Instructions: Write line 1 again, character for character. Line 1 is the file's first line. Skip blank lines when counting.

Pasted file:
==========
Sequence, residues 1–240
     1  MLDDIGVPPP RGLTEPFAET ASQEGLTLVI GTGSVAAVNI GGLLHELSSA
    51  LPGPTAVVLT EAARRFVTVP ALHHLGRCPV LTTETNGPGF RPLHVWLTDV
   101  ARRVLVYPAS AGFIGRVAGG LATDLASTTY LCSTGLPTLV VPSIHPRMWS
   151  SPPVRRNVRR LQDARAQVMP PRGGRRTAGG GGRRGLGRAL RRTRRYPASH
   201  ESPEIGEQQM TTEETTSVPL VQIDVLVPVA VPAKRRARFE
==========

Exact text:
Sequence, residues 1–240